TeamT5’s threat intelligence team has been keeping track of APT groups in Asia Pacific for years. Based on our experience, there is one serious APT attack against Taiwanese entities per week, or two. From what we have seen:
- Different APT groups originated from the same country are tasked with different goals and targets.
- Since they are state-sponsored, APT groups often possess intensive resources and sophisticated levels of expertise.
- Other than government units, APT groups mainly target the most critical industries, such as energy, manufacturing, electronics, and financial institution.
- APT groups can remain stealthy and undetected for years.
Previously, the spear-phishing attack is one of the most common techniques used by APTs, which is triggered by highly customized emails to malware download. However, APTs are reportedly targeting supply chains at an increasing rate or even launching their attacks with ransomware, which is typically used by money-driven cybercriminals.
Supply Chain Attacks
High tech enterprises have the capacity to spend a great amount of money in cyber defense, yet not every equipment manufacturer and materials supplier can have the same amount of resources or defense mechanisms. Thus, the upstream and downstream parts of the semiconductor supply chain become the entry-point of penetration that will be targeted by the threat actors. Furthermore, semiconductor foundries operate 24/7 to meet fabrication needs. If the threat actors managed to disrupt any manufacturing equipment, computer systems, or other critical parts of the production process, they can have a severe impact on the foundry’s output no matter how indirect or little the disturbance is.
Nowadays, supply chain attacks have become more common, more frequent, and more destructive. In recent years, there have been numerous supply chain attacks against electronics makers and critical infrastructure, putting national interests at stake and further elevating the issue into de facto cyberwarfare. The most recent and most severe supply chain attack was the 2020 SolarWinds Intrusion, where the threat actors compromised the popular monitoring and management platform Orion before distributing trojanized updates to the software's users. It is estimated that the attack impacted over 200 organizations. The US government and security vendors helping the investigation reached the consensus that it was a state-sponsored supply chain attack launched by a Russia-origin APT group. In response to supply chain risk, TSMC has established a cybersecurity team with SEMI (Semiconductor Equipment and Materials International) as well as the TSMC Supplier Chain Security Association (TSMC-SCSA).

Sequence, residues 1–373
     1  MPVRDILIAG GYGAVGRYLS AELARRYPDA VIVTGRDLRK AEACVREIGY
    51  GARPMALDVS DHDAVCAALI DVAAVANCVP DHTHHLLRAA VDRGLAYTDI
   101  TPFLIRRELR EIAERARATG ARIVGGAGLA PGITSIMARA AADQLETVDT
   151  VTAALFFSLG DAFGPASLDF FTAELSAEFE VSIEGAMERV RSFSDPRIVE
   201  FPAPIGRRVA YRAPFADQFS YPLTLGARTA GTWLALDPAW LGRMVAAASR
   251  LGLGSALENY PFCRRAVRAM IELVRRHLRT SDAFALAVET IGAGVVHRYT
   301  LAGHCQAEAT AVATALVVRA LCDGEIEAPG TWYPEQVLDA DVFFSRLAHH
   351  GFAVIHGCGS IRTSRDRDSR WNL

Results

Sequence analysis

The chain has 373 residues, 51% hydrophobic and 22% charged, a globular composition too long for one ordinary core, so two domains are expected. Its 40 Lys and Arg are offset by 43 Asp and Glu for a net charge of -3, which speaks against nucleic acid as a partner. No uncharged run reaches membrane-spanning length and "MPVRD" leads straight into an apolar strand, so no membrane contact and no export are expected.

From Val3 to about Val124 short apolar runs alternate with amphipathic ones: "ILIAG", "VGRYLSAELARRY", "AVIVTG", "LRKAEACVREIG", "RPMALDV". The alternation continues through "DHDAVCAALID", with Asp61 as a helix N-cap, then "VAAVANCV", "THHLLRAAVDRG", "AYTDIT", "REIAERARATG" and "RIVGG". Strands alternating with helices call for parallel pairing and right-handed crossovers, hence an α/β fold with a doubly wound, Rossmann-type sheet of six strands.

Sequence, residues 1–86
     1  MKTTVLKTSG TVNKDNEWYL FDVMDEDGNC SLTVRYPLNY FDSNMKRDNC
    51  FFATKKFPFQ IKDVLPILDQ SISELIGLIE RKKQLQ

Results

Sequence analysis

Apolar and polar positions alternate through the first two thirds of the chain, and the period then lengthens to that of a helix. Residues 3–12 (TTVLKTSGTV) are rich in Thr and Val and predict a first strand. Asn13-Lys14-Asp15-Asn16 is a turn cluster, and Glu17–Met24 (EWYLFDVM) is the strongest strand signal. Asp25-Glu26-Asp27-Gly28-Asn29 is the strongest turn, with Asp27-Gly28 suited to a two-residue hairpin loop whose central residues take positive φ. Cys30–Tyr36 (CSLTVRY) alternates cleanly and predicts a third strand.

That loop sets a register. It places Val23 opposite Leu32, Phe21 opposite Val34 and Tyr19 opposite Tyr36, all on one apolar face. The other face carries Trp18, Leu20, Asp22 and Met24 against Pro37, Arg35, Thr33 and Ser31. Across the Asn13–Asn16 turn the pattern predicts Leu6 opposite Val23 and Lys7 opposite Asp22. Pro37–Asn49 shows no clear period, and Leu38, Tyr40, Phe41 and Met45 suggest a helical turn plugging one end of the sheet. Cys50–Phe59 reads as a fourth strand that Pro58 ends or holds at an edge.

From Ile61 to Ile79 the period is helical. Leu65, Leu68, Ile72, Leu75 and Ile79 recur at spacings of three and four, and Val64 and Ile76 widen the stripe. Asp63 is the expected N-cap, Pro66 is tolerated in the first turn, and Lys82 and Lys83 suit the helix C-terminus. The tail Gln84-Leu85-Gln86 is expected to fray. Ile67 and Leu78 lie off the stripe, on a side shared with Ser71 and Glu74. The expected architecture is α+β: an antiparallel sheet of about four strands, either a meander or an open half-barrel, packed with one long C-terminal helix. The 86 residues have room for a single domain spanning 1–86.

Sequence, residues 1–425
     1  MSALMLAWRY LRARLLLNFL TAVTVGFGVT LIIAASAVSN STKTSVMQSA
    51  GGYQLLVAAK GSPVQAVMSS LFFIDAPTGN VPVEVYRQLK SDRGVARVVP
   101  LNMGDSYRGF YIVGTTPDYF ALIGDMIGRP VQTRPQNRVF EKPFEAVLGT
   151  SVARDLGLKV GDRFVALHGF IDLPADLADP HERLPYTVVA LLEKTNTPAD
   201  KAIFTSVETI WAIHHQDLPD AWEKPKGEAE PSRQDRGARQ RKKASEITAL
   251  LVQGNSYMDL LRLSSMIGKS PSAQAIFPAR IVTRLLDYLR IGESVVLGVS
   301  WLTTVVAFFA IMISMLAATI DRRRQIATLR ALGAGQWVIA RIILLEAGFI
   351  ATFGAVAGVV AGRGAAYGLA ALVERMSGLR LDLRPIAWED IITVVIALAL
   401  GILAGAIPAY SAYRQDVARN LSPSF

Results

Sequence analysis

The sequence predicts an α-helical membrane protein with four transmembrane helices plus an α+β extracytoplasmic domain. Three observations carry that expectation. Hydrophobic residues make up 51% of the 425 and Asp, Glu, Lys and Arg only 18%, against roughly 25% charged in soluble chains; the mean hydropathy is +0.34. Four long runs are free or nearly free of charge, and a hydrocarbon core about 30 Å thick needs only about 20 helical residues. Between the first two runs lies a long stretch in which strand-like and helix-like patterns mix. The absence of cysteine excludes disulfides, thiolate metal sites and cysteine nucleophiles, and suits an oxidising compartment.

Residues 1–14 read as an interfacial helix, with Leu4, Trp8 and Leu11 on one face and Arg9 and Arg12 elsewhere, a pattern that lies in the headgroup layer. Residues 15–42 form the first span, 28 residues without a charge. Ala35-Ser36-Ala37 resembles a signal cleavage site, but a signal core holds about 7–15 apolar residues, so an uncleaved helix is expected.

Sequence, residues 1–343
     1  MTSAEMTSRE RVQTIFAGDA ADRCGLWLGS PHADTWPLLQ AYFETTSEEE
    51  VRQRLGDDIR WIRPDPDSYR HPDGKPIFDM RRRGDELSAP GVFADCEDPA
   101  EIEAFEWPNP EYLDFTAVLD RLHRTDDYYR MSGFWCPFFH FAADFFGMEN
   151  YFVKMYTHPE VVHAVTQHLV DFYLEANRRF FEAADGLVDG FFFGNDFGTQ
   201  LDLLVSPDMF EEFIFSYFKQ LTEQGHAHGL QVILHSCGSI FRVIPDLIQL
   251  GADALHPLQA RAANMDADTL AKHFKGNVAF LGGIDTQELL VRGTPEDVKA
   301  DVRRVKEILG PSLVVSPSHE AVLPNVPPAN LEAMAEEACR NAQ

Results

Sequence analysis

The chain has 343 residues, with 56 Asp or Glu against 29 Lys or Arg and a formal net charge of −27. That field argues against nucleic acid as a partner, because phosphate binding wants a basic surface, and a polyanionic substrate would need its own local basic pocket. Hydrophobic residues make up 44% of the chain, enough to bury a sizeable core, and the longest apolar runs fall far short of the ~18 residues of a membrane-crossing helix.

Apart from supply chain attacks, Taiwan’s semiconductor industry also faces the threats posed by ransomware attacks against critical infrastructure, as the production of chips is highly dependent on energy and water supplies. For instance, the recent ransomware attack against the US Colonial Pipeline caused shortages of gasoline while panic buying impacted various manufacturing industries across the US. Although the Colonial Pipeline attack was launched by cybercriminals, there was one significant case of ransomware attack launched by an APT against critical infrastructure in Taiwan last year. In May 2020, Chinese MSS-linked APT41, which TeamT5 has been tracing for years and dubs as “Amoeba”, successfully intruded Taiwan’s state-owned energy firm, CPC Corporation. Amoeba’s attack caused a shutdown in the CPC Corp’s payment system. We believe that cyberattacks that involve both APT and ransomware will be more common in the future and, so far, there is no perfect mechanism to combat the threat.
Conclusion and Recommendations
In conclusion, Taiwan’s semiconductor industry is facing various kinds of threats in terms of cyberattacks and military coercion since it is located on an island with a complicated history and entangled relations with China. In addition, Taiwan has also been facing the worst drought in decades, worsening the already devastating chip shortage crisis. Nonetheless, when it comes to cyber defense in the semiconductor industry, it is almost impossible to stop APTs through traditional defense mechanisms such as antivirus and firewalls since APTs are evolving at a very fast pace. Therefore, cyber threat intelligence is crucial for the mitigation of possible threat actors by proactively hunting for APTs and compromises.